Universal Studios has the feel of walking around a very tourist filled studio backlot. It's divided into 6 parts-Production Central, New York, San Franscisco, World Expo, Woody Woodpecker's Kidzone, and Hollywood.
The New York area offers a very low key Twister-Ride it Out attraction that gives a good amount of information about tornadoes and about storm chasers.
In San Franscisco, you will find Disaster!- arguably one of the best educational things going at this park. The first part of the show features show great effects with your live guide interacting with a projected Christopher Walken that will leave you scratching you head trying to figure out how they did it. Then they create a number of small disaster scenes using volunteers acting out commands with green screens as their backdrop, and finally, you experience an earthquake on a subway. As they reset the subway, you view the "movie" you and the volunteers were cast in, and you can see how all those little things can be creatively edited to make special effects in the movies. It's a great look at how all that works. (As a funny aside, once you've done this attraction, you will "spot" this earthquake in things you see on TV, like an episode of Bones for example.)
In Woody Woodpecker's Kidzone, Animal Actors on Location would be a good way to show your kids how they train animals to perform for TV and movies...if the show didn't feature an animal bringing a young boy volunteer a BRA on stage in front of everyone. Not sure what their thing is about the male gender and bras...but that's one show you don't want your sons volunteering for.
In Hollywood, Universal Orlando's Horror Make-up Show would be a nice way to show your older kids how they make people "bleed" or create monsters, but they definitely play up the "scary" and as I mentioned above, there's the whole bra thing...
Finally, in Production Central, there is Hollywood Rip Ride RockIt. It's a very impressive looking roller coaster, and you can go here to read more about it. All the usual roller coaster based educational topics apply ;-).
Islands of Adventure is our favorite park of the two. In addition to the entry area, there are 6 themed areas, and they really are like walking into a movie. If there is one thing Universal does well, its theming. The 6 areas are Seuss Landing,
The Lost Continent, The Wizarding World of Harry Potter,
Toon Lagoon, and Marvel Superhero Island.
Educationally, you can talk about the theming, and how they captured the settings so well. From a ride perspective, less is intentionally educational here, but you can always google search the big rides for more information, like the link to Harry Potter above. I'd say the most impressive rides in terms of technology would be Harry Potter and Spiderman. Oh, and Judge Doom's Fearfall, which is similar to an open air Tower of Terror without the theming.
And finally, Sea World.
Much like Animal Kingdom at Disney, this is a park that it would be hard NOT to learn at. They have always been big on education about their animals and about conservation, and it shows everywhere you look in the park. Even their website is vastly educational. And they offer several behind the scenes tours that you can pay extra for and get up close animal interactions. We haven't had Sea World passes for a few years now, but looking at their map makes me want to go back as they have many new things since I was last there. In a park that's so educational, it's hard to point out specifics, but be sure to go to the Stingray Lagoon and the dolphin nursery (That's a baby on the left below).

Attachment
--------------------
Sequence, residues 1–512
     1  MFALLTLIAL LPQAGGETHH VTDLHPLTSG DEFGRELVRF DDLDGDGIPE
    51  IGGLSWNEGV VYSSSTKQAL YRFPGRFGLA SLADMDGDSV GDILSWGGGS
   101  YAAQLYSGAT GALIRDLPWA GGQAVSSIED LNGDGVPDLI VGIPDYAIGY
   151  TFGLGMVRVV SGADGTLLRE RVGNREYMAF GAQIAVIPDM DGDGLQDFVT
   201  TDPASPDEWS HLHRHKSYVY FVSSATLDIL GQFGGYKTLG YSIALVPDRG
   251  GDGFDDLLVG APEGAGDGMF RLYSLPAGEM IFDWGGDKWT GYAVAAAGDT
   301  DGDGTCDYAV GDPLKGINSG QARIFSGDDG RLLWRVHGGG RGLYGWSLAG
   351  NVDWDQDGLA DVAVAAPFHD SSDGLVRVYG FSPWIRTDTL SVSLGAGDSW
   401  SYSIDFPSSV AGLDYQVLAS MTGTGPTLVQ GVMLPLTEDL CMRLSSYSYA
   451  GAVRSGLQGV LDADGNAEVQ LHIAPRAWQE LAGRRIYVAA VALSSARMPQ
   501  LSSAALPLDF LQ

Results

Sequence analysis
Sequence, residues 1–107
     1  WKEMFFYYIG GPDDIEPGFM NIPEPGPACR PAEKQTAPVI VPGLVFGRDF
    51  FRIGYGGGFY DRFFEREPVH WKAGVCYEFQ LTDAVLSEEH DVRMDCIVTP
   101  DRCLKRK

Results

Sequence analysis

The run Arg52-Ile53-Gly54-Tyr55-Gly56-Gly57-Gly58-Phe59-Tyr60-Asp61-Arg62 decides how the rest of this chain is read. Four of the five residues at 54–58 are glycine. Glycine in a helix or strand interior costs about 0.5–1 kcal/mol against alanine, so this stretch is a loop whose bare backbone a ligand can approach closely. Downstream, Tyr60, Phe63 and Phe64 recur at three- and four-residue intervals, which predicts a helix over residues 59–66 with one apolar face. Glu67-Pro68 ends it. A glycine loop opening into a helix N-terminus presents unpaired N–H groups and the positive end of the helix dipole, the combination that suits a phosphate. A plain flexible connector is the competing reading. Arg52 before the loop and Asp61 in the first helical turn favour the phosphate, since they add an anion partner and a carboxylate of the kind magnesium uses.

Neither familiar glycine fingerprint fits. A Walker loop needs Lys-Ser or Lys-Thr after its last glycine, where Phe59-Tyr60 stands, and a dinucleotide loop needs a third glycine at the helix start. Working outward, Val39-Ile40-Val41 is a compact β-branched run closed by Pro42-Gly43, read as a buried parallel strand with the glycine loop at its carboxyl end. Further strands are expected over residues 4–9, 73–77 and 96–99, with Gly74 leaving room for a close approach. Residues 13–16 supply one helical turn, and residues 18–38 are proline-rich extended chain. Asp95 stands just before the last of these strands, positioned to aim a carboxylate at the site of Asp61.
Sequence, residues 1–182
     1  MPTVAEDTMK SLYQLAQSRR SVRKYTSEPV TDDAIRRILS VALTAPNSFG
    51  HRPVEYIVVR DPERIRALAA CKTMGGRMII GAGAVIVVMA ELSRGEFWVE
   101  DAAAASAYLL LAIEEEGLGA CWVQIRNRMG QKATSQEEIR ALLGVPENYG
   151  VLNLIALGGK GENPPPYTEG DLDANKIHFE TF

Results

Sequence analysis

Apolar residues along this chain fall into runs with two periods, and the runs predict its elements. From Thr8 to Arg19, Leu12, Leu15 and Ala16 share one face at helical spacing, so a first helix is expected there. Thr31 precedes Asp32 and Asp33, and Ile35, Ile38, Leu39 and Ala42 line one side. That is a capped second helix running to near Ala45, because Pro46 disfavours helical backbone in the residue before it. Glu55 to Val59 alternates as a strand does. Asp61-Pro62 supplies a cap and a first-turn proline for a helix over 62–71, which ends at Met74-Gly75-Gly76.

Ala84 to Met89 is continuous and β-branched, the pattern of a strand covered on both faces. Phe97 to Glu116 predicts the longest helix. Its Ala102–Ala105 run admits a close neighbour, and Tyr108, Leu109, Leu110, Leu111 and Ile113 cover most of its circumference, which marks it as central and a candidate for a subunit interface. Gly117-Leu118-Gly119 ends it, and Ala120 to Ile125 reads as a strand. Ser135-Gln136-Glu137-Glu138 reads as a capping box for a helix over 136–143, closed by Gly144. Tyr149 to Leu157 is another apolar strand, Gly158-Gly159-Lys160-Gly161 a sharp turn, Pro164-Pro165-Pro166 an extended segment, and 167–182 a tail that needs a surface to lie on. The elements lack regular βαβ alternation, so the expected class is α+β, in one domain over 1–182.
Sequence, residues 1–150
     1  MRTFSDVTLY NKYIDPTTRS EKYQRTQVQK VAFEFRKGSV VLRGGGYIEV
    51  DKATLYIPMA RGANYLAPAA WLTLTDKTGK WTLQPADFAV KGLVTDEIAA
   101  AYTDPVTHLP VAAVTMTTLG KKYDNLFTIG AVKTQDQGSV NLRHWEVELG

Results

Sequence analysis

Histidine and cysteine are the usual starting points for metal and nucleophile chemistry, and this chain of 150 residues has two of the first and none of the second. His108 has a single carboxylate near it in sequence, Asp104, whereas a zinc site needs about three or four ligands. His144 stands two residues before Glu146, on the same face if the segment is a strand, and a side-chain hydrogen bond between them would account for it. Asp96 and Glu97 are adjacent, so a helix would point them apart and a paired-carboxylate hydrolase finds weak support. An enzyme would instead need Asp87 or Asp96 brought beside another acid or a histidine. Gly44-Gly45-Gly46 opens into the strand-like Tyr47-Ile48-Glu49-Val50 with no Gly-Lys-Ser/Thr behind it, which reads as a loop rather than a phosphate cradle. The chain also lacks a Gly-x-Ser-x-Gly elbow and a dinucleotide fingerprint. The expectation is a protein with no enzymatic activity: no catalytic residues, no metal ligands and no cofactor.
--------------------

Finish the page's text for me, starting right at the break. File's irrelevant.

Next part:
And one of my favorite secrets is the Jewels of the Sea Aquarium in the Journey to Atlantis building. It's not highly visited, but it's so worth it. Animals literally swim right under your feet and over your head.
|And of course, being Sea World, they will have some animals you don't find many other places, like Beluga Whales.|
So there you have it! 5 Days of Theme Park Schooling, and hopefully many, many fun and educational trips to theme parks for you and your kids. Please take my admonishment above to heart. You want to enjoy the theme parks. You pay WAY too much money not to. It's okay just to go there and ride rides. But it's also okay to redeem the moments a little bit and use the educational aspects that theme parks have to offer to teach you children a little something too. Like anything in life, finding balance is key! Sometimes I teach, sometimes I don't. Always they learn something. You can't really experience a themed environment and NOT learn something. So a lot of times, I like to gently direct it. Theme parks also offer wonderful teaching moments for how to navigate crowds, what to do if you get lost, how to stretch your budget, wise souvenir choices, proper apparel for long days in the sun, proper shoes for long days of walking, the importance of staying hydrated, the importance of sun screen, reading a map, and a million other life lessons with everyday application. It doesn't have to be taught in a textbook to be important. For our family, it has also offered chance to talk about what we believe and why...and how that impacts what attractions we choose to enjoy. It's also spurred conversations about staying cool while staying modest. There really is no limit to what can be learned through Theme Park Schooling. I hope you family enjoys it as much as we do.
Please join my fellow Crew members on the 5 Days of Blogging journey too! Click on the banner below to go to the main post about all the different topics being covered!